Music in World Culture: Africa

This FIG engages in the process involved in advancing cross-cultural understanding through the art of African music-dance study

College Connections Faculty: Habib Iddrisu

Habib Iddrisu is a traditionally trained dancer, musician, and historian from Northern Ghana, born into the Bizing family of court historians and musicians of the Dagbamba/Dagomba people. Dr. Iddrisu has toured the world extensively with traditional singing and dance groups, and has diverse experience as a performer, teacher, choreographer, and scholar throughout the U.S.

In Ghana, Iddrisu was honored with the Ghana’s Best Dancer award, given by the Entertainment/Art Critics & Reviewers Association in 1993. Iddrisu also led several prestigious traditional music and dance groups, including the Youth Home Cultural Group, which Iddrisu founded when he was just fourteen years old.  He was the creative director and choreographer for the Norvisi Dance Group and lead drummer and choreographer of Abibigromma, the resident performance group for the University of Ghana. Iddrisu was sought after to choreograph such events as the welcoming ceremonies for President Bill Clinton’s visit to Ghana in 1998.

Since arriving in the U.S., Iddrisu earned his bachelor’s and master’s degrees in African History and Africana Studies from Bowling Green State University, and his PhD in Performance Studies from Northwestern University. While studying, he taught and led performance groups at these universities. One group was selected by the National American College Dance Festival to perform at the Kennedy Center in Washington, D.C. in Iddrisu’s version of South African gumboot dance. Iddrisu served as a Presidential Fellow at SUNY Brockport in African Studies and Dance from 2008–2010. He also taught courses at Lake Erie College, Cleveland State University, Pacific University, Reed College, Portland State University, SUNY Brockport, before coming to the University of Oregon.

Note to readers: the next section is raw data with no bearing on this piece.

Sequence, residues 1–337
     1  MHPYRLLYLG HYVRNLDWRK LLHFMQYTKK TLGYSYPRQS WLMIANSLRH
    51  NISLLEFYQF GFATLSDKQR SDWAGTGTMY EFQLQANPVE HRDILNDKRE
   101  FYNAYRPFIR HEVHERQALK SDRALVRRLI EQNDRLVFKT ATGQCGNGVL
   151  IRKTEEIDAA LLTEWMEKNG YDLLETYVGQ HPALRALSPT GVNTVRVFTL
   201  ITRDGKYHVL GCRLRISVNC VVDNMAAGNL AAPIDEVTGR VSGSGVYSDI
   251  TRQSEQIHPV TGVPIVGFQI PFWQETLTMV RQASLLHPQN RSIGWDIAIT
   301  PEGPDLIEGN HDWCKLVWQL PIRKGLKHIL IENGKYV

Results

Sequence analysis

As a scholar, Dr. Iddrisu’s research interests include West African Music and Dance Practice and Performance, Cultural Studies, Post-Colonial Independence History, Political Economy, Oral History, African Diaspora Studies, and the New Internationalism. He explores new viewpoints on tradition, globalization, and popular culture, looking at the difference in discourse and rhetoric coming from indigenous peoples to the international performance and scholarly community. Dr. Iddrisu is currently researching how indigenous performance practices change and adapt to new situations as these practices travel from village settings to national and international settings.

FIG Assistant: Taylor King

Email: tmk@uoregon.edu

Summer Assignment

Hello Music in World Cultures: Africa FIG! For your summer assignment, please create a 1 to 2 minute video introducing yourself to Professor Iddrisu and I. We want this assignment to be an enjoyable and creative start to your first year at the University of Oregon - have fun with it!

Possible questions to answer in your video could include:

  • Where are you from?
  • What are your hobbies?
  • What are some of your passions?
  • What are you looking forward to as you enter college?
  • What are some fun facts about you?
  • Why did you choose to join this FIG?

Overall, please don’t feel limited by the questions! You can answer as many or as few as you would like. Our goal is to get to know you all and to see what types of interests you have. When you have finished your video, please upload it to YouTube and send us an email with the video’s link.

We look forward to getting to know you all. Have fun and enjoy the last bits of your summer!

Week of Welcome FIG Meeting

The first meeting for the FIG is Friday, September 22nd at 11:00 am in Columbia 150. Please arrive on time as we will be relocating shortly after.